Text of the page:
Parents, do you sometimes find yourself wondering what you did during the day, beyond managing tantrums or
cleaning up messes? Many adults go through their day not really very present (mentally or emotionally) as they interact with their children. This makes it easy for the brain to get stuck feeling stressed. Not only is stress unhealthy for your mind and body, but it certainly also doesn’t help you to be the best parent you can be.
The answer is mindfulness. Mindfulness gives us the opportunity to stop the mental, emotional and physical stress response.
What does it mean to be a mindful parent or teacher?
Mindfulness in general is “the quality or state of being conscious or aware of something.” (dictionary.com) It means taking a pause during the momentum of a day to say, “I want to be conscious and aware of how I am parenting.” However, mindful parenting is even more than this. According to Mindfulness.org, mindful parenting means:
- Noticing your own feelings when you’re in conflict with your child
- Learning to pause before responding in anger
- Listening carefully to a child’s viewpoint even when disagreeing with it
These concepts create an opportunity for such different interactions with our children. As the parent of a 1-year-old and 3-year-old child, I find myself challenged and extremely rewarded when I focus especially on number 1 and 2. When I pause before responding in anger, it is much easier to manage that anger, and thus be able to focus on listening to my child’s point of view and respond with patience and problem-solving.
An important part of Montessori is to observe – ourselves and our children – and we can often begin to recognize the triggers and little incidents that begin the process of when things become tense. When we learn to recognize the start of things, we can sometimes take affirmative action BEFORE the problem becomes full-blown.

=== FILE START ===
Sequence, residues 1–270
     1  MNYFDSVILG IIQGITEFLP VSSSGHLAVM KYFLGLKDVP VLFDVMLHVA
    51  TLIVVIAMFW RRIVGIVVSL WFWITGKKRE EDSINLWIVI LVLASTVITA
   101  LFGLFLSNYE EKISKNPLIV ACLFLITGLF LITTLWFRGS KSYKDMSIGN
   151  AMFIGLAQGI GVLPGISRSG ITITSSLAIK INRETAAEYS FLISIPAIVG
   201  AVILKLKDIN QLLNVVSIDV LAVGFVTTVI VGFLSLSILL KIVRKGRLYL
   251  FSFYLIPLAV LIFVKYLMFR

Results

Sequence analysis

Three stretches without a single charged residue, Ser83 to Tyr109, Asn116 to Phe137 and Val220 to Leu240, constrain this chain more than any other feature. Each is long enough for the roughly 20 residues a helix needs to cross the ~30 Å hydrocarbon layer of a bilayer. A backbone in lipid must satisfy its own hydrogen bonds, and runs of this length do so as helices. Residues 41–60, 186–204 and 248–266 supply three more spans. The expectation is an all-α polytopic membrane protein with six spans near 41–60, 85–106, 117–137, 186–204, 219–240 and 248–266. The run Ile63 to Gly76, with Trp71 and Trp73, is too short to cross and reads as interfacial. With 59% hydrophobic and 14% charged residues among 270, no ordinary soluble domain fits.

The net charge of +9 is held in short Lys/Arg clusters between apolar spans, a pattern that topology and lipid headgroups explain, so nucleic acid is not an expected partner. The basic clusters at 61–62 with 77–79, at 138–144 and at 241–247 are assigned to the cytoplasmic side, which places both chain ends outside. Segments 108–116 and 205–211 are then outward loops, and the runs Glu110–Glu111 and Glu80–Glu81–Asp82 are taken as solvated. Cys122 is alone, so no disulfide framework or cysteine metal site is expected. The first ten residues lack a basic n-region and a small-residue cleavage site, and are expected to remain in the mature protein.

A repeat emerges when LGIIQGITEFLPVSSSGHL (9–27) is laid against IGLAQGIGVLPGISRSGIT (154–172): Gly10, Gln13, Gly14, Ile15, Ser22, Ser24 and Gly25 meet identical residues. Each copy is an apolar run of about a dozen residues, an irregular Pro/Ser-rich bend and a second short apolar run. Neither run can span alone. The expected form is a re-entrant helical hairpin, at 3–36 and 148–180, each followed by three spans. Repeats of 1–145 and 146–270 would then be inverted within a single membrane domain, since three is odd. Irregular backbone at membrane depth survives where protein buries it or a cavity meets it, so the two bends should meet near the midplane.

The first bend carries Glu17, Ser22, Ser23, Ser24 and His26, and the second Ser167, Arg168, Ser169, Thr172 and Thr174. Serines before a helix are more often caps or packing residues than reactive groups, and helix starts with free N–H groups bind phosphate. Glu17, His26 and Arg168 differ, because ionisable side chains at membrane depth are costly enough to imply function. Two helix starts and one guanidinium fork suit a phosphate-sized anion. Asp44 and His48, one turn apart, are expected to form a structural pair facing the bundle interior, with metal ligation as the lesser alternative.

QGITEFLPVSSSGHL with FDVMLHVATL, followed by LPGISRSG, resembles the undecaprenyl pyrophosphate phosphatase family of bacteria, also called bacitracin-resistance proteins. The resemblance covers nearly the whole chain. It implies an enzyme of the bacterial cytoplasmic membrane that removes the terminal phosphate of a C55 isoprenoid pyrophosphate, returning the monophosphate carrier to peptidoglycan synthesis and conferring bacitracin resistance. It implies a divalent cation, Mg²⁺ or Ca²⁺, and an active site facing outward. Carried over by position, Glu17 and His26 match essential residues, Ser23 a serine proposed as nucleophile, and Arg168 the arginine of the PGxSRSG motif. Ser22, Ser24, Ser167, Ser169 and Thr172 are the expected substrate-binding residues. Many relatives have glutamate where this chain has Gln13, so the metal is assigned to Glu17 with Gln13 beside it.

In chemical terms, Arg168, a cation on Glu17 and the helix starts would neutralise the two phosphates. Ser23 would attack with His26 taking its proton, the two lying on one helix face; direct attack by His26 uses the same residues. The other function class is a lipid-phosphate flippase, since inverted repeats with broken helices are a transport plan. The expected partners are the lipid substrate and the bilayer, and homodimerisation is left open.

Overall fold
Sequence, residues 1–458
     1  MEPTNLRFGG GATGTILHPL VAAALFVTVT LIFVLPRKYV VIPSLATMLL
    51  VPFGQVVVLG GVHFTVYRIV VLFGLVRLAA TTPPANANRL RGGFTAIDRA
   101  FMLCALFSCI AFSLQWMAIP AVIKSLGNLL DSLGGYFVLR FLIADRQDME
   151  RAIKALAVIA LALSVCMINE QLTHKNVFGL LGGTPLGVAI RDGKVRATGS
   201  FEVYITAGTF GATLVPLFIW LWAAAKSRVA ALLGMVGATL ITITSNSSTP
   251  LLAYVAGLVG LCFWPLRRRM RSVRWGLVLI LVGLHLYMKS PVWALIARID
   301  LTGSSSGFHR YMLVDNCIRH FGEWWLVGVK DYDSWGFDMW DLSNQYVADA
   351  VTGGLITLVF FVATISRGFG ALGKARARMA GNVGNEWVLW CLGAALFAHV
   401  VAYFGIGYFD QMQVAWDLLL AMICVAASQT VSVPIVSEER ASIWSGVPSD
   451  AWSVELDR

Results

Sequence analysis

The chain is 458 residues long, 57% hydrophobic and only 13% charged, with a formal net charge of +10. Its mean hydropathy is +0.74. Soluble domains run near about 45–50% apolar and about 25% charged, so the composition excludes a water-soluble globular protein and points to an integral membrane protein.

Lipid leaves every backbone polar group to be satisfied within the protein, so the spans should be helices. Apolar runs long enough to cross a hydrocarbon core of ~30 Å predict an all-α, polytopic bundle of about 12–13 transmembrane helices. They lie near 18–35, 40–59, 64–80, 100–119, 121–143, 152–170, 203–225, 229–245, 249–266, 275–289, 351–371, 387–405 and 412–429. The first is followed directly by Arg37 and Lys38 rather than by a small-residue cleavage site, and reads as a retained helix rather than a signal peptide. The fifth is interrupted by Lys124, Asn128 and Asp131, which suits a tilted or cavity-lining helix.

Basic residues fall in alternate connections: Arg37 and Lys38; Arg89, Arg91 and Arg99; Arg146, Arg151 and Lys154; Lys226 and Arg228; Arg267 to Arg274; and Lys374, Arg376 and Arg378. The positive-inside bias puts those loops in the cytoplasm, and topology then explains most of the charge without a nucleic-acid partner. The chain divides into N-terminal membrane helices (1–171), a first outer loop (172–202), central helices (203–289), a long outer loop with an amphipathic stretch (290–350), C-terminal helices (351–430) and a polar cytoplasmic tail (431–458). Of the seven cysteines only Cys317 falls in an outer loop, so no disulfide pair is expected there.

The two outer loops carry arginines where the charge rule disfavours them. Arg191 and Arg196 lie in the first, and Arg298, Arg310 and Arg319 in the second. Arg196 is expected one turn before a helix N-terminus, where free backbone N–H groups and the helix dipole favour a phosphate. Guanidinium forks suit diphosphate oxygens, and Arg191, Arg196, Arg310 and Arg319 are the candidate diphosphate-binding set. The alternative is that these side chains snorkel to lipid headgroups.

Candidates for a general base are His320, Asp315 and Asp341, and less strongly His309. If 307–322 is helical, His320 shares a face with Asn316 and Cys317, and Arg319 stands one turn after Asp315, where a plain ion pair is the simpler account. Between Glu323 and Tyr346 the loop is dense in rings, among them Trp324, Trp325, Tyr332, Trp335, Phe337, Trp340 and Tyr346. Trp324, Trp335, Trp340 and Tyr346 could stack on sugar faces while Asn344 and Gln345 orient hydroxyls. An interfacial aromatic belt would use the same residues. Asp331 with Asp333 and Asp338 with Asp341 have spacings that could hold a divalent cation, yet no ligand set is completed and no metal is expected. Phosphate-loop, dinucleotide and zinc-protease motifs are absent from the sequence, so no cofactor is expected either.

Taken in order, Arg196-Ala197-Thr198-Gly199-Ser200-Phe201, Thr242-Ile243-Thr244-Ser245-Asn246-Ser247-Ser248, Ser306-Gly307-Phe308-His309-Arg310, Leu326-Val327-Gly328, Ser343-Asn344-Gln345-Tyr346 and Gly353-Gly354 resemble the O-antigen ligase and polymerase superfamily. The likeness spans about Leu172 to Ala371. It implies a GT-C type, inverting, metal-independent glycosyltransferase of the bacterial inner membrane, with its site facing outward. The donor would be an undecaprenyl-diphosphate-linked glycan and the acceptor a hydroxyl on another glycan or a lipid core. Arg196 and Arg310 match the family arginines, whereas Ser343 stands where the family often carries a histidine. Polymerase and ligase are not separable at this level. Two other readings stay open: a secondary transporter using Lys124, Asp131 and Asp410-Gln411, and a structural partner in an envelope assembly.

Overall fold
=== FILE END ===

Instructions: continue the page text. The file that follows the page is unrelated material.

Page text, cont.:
The first step is to stop and breathe
Take a moment, right now as you are reading and take a few slow breaths in your nose and out your mouth (extending
the exhale, especially, for as long as you can. Envision that you are trying to move a feather across a table in front of you with each exhale). The more you calm your body through breathing, the more you will be able to be present and calm mentally and emotionally. According to Forbes, “Controlled breathing may be the most potent tool we have to prevent our brains from keeping us in a state of stress, and preventing subsequent damage caused by high stress levels. The relaxation response is a built-in way to keep stress in check.” We also know that when we are stressed, the logical and creative part of our brain is hijacked, making us unable to be a mentally-present, logical, and creative parent.
“Analyses showed that parents who reported more mindful parenting engaged in more positive and less negative parenting behavior, which was then linked to more positive behavior in their kids—meaning less anxiety, depression, and acting out.” (https://www.mindful.org/mindful-parenting-may-keep-kids-trouble)
When we take time to pause and relax ourselves, we can better focus on what our child needs and feel less stressed while doing so. If you’d like a voice to guide you through 3 minutes of to mindfulness, Mindyeti has some amazing resources. Also, check out our Top 5 Ways to Manage Your Anger (for Parents).
When we take time to be mindful, we can follow the child
“Follow the child, they will show you what they need to do, what they need to develop in themselves and what area they need to be challenged in. The aim of the children who persevere in their work with an object is certainly not to “learn”; they are drawn to it by the needs of their inner life, which must be recognized and developed by its means.” – Maria Montessori
One of the signature differences in Maria Montessori’s teaching style is that she observed children extensively and formed the learning environment and education materials around what she saw the children attracted to. She was as keenly mindful in her time with children as one could possibly be. I believe this mindfulness helped her to enjoy the children too. Let us all take a moment today to emulate this quality and seek to be first mindful of ourselves, and secondly mindful observers of our children. Let’s be present (mentally and emotionally), so we can apply the Montessori principles with the children we treasure.
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